# Finding Pairs

*This tutorial written and reproduced with permission from Peter Ponzo*

**(Pairs Trading – Part II)**

As an example, let’s consider a couple of car manufacturers: General Motors and Ford. Over the past five years their weekly stock prices have changed like Figure 1.

They tend to move together, eh?

Figure 1

#### If you say so.

Well, perhaps it’s better to look at the percentage changes over the past five years. In addition to that, we’ll also look at the Pearson correlation between raw prices. Then we’ll calculate the Rank for each series of Prices and calculate the Spearman correlation for these ranks.

Here’s what we’d get:

Figure 2

#### What about that normalized stuff?

Ah, yes. We consider not the Price, but (Price – Mean)/Standard Deviation. Using those normalized prices gives:

Figure 3

#### They look the same to me.

The correlation, both Pearson and Spearman, are the same. The normalization doesn’t change them.

#### The why normalize at all?

It makes the mathematicians happy.

#### Is that it?

Not at all. We could look at the Ratio of prices over the past five years and get Figure 4.

Figure 4

#### That’s (GM Price) / (Ford Price)?

Yes, and we see that, although the average ratio was about 3.0, GM was way too high in March of 2003.

#### Or Ford was way too low!

Uh … yes. So we’d buy Ford and sell short GM.

#### And make a bundle, eh?

Well, their prices at the beginning of March/03 were: GM = $26.53 and Ford = $6.50. In one year (March/04), their prices were: GM = $43.34 and Ford = $13.12

#### So they both went up!

Yes, but although GM went up 63%, Ford went up over 100%.

#### And you’d make money on that?

We’d lose on GM but make a bundle on Ford.

#### And now you’ll look at correlations between Returns, eh?

Instead of Prices? I don’t think so. If we consider returns, both Pearson and Spearman Rank correlations were down at 66-68%.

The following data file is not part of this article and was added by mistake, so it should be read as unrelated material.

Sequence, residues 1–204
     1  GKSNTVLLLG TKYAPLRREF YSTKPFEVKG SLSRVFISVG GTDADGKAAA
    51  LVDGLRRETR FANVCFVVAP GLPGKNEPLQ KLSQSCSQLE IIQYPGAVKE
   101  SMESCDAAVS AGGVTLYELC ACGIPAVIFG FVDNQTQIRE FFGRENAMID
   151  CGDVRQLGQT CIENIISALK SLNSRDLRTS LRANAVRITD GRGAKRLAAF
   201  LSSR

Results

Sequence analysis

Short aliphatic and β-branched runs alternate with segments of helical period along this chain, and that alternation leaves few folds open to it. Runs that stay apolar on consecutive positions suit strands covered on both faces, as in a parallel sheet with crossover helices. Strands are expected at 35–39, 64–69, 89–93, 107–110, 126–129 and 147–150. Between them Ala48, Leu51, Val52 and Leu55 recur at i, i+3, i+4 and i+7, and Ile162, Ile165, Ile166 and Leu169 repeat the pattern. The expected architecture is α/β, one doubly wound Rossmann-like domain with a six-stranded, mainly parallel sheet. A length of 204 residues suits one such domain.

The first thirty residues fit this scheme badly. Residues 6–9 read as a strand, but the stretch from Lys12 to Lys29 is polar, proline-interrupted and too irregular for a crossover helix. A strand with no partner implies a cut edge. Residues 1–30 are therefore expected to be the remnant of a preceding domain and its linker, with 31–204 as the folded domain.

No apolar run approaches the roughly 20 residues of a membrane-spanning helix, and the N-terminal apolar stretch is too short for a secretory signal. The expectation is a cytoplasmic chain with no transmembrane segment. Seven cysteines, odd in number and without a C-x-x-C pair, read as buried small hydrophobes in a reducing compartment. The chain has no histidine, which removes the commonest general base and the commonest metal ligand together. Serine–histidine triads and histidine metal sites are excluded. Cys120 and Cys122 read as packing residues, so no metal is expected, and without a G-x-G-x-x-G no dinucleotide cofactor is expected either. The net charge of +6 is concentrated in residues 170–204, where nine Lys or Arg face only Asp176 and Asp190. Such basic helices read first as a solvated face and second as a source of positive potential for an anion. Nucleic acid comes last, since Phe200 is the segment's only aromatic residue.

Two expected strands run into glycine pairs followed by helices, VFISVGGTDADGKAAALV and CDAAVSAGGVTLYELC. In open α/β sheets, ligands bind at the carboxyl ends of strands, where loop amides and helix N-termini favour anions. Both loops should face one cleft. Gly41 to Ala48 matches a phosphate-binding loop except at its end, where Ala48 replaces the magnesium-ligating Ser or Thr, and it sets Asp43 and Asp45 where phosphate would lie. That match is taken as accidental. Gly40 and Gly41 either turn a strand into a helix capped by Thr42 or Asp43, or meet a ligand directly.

#### So we’d probably conclude they weren’t related, right?

I’d guess so. That is, with a 67% correlation they wouldn’t be regarded as sisters. In fact, even considering price differences doesn’t seem particularly revealing. (See Figure 5.)

#### And the difference between those “normalized” Prices?

Even considering differences between normalized prices, identifying “sister stocks” doesn’t seem obvious.

Figure 6

And you don’t even want to see the Ratio of normalized prices!

#### Okay, what would you use to identify “pairs”?

I’d like something where the historical relationship jumps out at you… and you know which to buy and which to sell short. Further, I don’t like ratios of anything since the numerator and denominator have different effects on the ratio. The criterion for pairs should be symmetrical in both stock variables, whether prices or retturns.

#### And that makes your choice … what?

I don’t know. I’ll have to investigate and …

#### With a spreadsheet, right?

Yeah. I now have one that tries to identify pairs. It looks like this:

Click on picture to download spreadsheet

You type in ten stock Yahoo symbols and an End Date then click a button and get a year’s worth of daily prices. Then the spreadsheet calculates the Spearman Rank Correlation between pairs of stock, colouring them either reddish (if the correlation is greater than 90%) or bluish (if less than 80%) or greenish if in between … like Figure 7.

Figure 7

#### Reddish? Greenish? You kidding?

You can choose your own colours … and the limits:

#### You do the Spearman, eh? So what happened to poor ol’ Pearson.

He’s there too … the Pearson correlation between Prices is displayed, like Fig. 7.

#### So how do you know the sister stocks will remain sisters in the future?

I mean …

Yes, I know what you mean … but you have to play with the time period (which explains why the End Date is there). For example, when we end in March 2006 we get a 91% correlation between a couple of gold stocks: Barrick Gold (ABX) and Goldcorp (GG):

If we go back a year we’d get this:

#### And if you go back two years?

Just download the spreadsheet and play with it yourself !